....a golden slow worm.  As Polly put it, "Nature in pure perfection!"

Many thanks to Polly, who is a writer, photographer and field naturalist.
Her beautifully produced books are available locally and through her website here.

Allt Ockle Walk - 1

We ought to go walking elsewhere - climb Ben Nevis, explore the Cuillins - but we don't.  We have a thousand walks on West Ardnamurchan, and even if we repeat some of them the landscape is forever changing, we discover things we didn't see the first time, the animals and insects are always different, and, most important of all, we can choose our day.  Like today: 2C overnight under clear skies, a frost on the ground, a forecast for bright sunshine, and the opportunity to walk somewhere before the bracken comes up.  So we went to Ockle....

....arriving just before nine, and walked the old track that follows the Allt Ockle upstream.  To the west is the wall of Ardnamurchan Estate forestry while, to the east, had we wanted to strike out that way, are miles and miles of gloriously bleak, rolling, open muirlands which rise to the heights of Beinn Bhreac.

All the way along the track lies evidence of the people who once lived here.  Some of the piles of stones are evidently the remains of houses - in 1806 Ockle had over a dozen buildings in use, many of which would have been dwellings - but some are not as easily explained, such as this lozenge-shaped mound some 6 metres long.

This view looking back towards Ockle gives some idea of what beautiful morning we enjoyed.  In the distance is Eigg and, beyond it, Rum, while to the right is Burnside, one of Ockle Holidays' letting cottages.

We climbed diagonally up the side of the valley as the track running up the east side of the glen is blocked by a stand of conifers, forestry which probably dates back to a time when grants were given for planting without thought to how difficult it might be to exploit the mature wood once it had grown.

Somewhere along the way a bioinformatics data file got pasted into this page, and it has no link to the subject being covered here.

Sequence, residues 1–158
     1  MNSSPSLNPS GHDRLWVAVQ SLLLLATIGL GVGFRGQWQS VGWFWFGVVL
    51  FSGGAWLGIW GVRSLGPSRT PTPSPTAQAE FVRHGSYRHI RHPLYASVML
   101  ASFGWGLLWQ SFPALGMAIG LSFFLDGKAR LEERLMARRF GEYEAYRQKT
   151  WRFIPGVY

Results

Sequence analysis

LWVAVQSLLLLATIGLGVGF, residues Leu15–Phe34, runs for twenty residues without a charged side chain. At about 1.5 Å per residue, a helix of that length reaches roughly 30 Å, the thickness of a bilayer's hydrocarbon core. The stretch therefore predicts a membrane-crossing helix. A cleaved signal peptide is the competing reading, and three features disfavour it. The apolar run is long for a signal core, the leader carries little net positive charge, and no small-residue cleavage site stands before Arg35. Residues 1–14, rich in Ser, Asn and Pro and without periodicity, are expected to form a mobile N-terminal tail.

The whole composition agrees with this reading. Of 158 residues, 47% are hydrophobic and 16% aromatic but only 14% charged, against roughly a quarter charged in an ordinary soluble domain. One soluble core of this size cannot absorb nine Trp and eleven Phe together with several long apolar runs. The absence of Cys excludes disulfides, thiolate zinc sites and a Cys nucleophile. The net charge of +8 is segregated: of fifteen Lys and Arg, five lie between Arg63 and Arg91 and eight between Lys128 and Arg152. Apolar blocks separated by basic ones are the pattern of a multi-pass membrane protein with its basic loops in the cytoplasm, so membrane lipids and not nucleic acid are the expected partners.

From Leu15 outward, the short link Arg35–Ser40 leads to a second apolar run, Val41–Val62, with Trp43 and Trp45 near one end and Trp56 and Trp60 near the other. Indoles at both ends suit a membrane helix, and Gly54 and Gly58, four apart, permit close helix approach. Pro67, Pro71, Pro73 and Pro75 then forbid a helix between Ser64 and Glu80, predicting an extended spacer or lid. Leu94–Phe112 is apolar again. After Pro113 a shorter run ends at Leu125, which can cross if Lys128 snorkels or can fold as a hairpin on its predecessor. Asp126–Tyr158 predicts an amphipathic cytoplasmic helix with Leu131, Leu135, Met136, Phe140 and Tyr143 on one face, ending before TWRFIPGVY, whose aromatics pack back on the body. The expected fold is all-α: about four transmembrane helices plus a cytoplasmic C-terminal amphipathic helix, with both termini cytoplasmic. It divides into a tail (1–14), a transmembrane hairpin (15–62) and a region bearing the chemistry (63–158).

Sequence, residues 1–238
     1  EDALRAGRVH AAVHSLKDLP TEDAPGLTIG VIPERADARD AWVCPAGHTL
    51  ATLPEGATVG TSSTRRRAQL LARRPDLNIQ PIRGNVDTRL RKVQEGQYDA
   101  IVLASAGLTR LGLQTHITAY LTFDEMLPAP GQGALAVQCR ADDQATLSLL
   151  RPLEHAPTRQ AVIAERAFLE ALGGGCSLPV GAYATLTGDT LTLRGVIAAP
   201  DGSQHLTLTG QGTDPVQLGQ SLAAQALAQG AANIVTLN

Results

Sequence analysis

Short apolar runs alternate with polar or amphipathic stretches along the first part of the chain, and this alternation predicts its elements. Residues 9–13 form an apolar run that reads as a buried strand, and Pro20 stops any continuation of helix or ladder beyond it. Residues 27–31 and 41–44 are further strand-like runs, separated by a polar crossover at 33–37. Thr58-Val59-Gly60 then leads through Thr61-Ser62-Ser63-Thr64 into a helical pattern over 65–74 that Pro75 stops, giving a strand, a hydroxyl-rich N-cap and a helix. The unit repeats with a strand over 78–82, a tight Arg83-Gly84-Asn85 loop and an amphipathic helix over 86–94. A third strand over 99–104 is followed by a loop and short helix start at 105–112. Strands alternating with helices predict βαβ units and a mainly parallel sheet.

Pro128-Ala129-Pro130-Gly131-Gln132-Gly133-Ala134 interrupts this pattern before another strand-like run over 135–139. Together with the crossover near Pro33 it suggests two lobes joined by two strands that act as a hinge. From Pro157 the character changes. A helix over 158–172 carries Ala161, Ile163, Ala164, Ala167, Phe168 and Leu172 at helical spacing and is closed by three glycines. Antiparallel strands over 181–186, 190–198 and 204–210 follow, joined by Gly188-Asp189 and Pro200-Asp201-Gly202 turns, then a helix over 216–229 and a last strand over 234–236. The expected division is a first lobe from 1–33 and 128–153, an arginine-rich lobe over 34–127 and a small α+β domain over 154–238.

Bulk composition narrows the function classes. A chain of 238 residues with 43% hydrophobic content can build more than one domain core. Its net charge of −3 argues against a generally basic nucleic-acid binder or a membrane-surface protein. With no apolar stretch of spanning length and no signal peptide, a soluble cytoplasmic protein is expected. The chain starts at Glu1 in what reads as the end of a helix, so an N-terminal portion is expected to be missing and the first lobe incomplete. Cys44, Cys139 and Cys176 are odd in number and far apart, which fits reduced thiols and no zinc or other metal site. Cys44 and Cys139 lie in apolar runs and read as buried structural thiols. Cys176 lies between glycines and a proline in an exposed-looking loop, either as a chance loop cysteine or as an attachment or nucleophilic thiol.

Once past the woodland, the upper reaches of the Ockle glen opens up, open moor to the left dropping to land which has, judging by the richness of the summer growth of bracken, once been worked as arable land.

It's not difficult to find the structures left by the people who exploited this land.  The rocks in the left foreground are part of a shieling hut, one of several here which are evidence of the area being used for summer grazing of the animals while Ockle township's fields were growing the people's crops.

But there are also plenty of signs of much more permanent occupation.  Old walls, perhaps hundreds of years old, snake down the open slopes of the valley towards the burn, their course dictated by where the richer soil lay.

Close to these areas of once-tilled land are the dwellings of the people who worked it.  Here, a small, rectangular building sits on a low rocky mound in the middle of a field, probably the house where the farmer lived, located close to a rill of clear running water.

Thursday, 30 April 2015

'Nahlin' Departs

At the end of a day which, despite the snow lingering on the hills, has seen wall-to-wall sunshine here, Sir James Dyson's yacht Nahlin leaves Tobermory having sailed into the bay last Saturday.